Peru is COMPLETE! We have received new technology and now have a cycling stats page we will be updating as much as possible.Check out our cycling stats for Peru!
My mother surprised us big time about three weeks ago, when she told us over the phone that she wanted to come visit us for her birthday in Cusco, Peru to see Machu Picchu together. We were ecstatic to see her and as we rode along open stretches of road or tough climbs, we made a list of goodies from the States including snickers, peanut butter, and cycling gloves. We have a problem with gloves – we take them off when we stop in a small town or village to grab a snack, place them on our back panniers, and then proceed to forget about them. It is not until a couple miles up the road that we remember our now long gone gloves. After telling this story to mom, she decided to not only buy us each three pairs of cycling gloves, but she brought velcro to sew to the gloves and our clothes to fix our forgetful glove issue.
We were making great time on the bicycles at the end of September, so we decided to continue on past Cusco and head to La Paz, Bolivia by bike. On October 4th, after summiting Huayna Potosi near La Paz, we took an overnight bus back to Cusco and arrived the morning of the 5th at 4am. Groggy-eyed after the bus driver woke us up, we grabbed our packs, climbed off the bus, and proceeded to wander the streets of Cusco before sunrise. Not a person in sight, the only noises we heard were taxi drivers looking for late night discotec revelers and stray dogs battling over their street corner turf. We made it to the Plaza de Armas, the town’s center, around 4:45am, and sat taking pictures of the calm before the hustle and bustle of this busy town took off.
After a morning spent puttering around town, we excitedly made our way to Cusco’s airport and waited for my mom to exit the tiny terminal. Justin and I impatiently moved back and forth between the outside area where all the taxi drivers held names of passengers and a glass door on the inside where you could see passengers pick up luggage.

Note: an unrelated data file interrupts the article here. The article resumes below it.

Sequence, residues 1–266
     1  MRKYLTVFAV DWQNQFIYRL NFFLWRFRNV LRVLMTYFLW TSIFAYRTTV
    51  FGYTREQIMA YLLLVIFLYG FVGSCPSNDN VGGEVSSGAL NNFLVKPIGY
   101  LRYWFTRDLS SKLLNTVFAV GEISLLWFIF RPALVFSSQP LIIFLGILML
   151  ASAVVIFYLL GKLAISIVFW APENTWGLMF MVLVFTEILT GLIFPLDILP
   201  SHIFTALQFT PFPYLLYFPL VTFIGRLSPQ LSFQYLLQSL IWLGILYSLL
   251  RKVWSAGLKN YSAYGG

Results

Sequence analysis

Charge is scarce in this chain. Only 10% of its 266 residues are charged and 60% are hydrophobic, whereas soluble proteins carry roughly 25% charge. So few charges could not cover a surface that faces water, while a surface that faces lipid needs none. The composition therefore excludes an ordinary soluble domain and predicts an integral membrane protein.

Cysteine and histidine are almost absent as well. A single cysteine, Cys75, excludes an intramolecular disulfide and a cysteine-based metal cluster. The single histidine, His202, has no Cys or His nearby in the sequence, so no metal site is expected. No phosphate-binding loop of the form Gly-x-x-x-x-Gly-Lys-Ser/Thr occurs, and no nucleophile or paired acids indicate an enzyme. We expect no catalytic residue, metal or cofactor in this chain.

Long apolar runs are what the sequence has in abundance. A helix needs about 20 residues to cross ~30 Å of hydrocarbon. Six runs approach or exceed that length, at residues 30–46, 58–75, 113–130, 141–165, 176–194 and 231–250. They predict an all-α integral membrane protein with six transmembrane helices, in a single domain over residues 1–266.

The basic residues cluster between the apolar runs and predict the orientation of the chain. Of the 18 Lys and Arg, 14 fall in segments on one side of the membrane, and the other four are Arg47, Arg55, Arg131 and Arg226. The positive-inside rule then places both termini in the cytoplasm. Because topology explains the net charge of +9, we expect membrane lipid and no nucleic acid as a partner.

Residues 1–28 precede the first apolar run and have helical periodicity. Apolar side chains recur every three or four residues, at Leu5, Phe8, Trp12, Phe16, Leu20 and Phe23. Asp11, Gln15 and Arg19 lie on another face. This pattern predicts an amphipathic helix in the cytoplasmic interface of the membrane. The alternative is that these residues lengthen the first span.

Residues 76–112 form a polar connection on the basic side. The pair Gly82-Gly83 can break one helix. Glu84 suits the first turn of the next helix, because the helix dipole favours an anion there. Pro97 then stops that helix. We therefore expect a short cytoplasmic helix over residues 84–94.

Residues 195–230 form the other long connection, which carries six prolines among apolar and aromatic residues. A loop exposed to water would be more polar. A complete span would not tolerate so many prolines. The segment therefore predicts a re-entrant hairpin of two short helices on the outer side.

“Do you see her??” I asked Justin.
“No, not yet,” He replied.
9 out of the 10 flights coming into Cusco came from Lima and we were worried we may have missed her on an earlier flight. Finally, I saw her passing through a luggage check line and ran outside to the taxi area to wave.
“Wait… that’s Michael!” Justin said shocked.
I heard him say it but it felt like it took about five seconds for my brain to register what he said as I looked up and saw Mike, my brother, walking up right beside my mother. I was so excited to see both of them, I started screaming and crying at the same time as I ran past the security “gate” and hugged them both! It was my brother’s first time out of the United States and I was so excited to travel with him. My mom, immediately after deciding she wanted to visit, called my brother and told him he had to go get a passport and expedite the process! It was also my mother’s first time in the Southern Hemisphere.
We hugged, met our taxi driver, and headed to our hotel. After settling into a crazy new third world culture, we all headed back to the Plaza de Armas for pictures of the historic churches built by the Spaniards who conquered the Incas in the early 16th century. It was so nice sharing time with my brother and mom – It reminded me of our adventures in Yosemite when I was a kid. In the past few years, we have rarely been able to spend time together as a unit. It was very special.